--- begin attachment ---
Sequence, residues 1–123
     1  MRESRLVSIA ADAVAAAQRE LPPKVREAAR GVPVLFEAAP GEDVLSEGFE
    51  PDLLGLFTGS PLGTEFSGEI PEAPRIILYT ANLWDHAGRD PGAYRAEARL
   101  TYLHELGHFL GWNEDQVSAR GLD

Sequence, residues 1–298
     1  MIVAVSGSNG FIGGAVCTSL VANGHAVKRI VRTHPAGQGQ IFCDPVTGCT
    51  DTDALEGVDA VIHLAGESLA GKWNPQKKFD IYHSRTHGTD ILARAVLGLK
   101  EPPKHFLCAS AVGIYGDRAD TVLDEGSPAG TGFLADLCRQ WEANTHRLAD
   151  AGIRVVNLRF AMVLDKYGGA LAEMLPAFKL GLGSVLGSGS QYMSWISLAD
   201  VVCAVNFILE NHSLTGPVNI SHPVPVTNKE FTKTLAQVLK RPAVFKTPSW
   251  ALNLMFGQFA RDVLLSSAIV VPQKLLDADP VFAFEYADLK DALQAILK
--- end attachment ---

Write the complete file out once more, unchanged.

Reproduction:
Sequence, residues 1–123
     1  MRESRLVSIA ADAVAAAQRE LPPKVREAAR GVPVLFEAAP GEDVLSEGFE
    51  PDLLGLFTGS PLGTEFSGEI PEAPRIILYT ANLWDHAGRD PGAYRAEARL
   101  TYLHELGHFL GWNEDQVSAR GLD

Sequence, residues 1–298
     1  MIVAVSGSNG FIGGAVCTSL VANGHAVKRI VRTHPAGQGQ IFCDPVTGCT
    51  DTDALEGVDA VIHLAGESLA GKWNPQKKFD IYHSRTHGTD ILARAVLGLK
   101  EPPKHFLCAS AVGIYGDRAD TVLDEGSPAG TGFLADLCRQ WEANTHRLAD
   151  AGIRVVNLRF AMVLDKYGGA LAEMLPAFKL GLGSVLGSGS QYMSWISLAD
   201  VVCAVNFILE NHSLTGPVNI SHPVPVTNKE FTKTLAQVLK RPAVFKTPSW
   251  ALNLMFGQFA RDVLLSSAIV VPQKLLDADP VFAFEYADLK DALQAILK